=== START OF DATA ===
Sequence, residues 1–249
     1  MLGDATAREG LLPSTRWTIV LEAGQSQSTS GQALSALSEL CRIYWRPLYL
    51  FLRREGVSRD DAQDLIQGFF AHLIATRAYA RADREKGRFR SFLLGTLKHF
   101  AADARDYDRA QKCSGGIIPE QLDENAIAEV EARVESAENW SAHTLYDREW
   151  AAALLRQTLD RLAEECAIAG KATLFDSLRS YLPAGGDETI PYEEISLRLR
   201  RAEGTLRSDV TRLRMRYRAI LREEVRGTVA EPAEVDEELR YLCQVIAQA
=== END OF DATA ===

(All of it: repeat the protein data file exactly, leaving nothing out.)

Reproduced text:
Sequence, residues 1–249
     1  MLGDATAREG LLPSTRWTIV LEAGQSQSTS GQALSALSEL CRIYWRPLYL
    51  FLRREGVSRD DAQDLIQGFF AHLIATRAYA RADREKGRFR SFLLGTLKHF
   101  AADARDYDRA QKCSGGIIPE QLDENAIAEV EARVESAENW SAHTLYDREW
   151  AAALLRQTLD RLAEECAIAG KATLFDSLRS YLPAGGDETI PYEEISLRLR
   201  RAEGTLRSDV TRLRMRYRAI LREEVRGTVA EPAEVDEELR YLCQVIAQA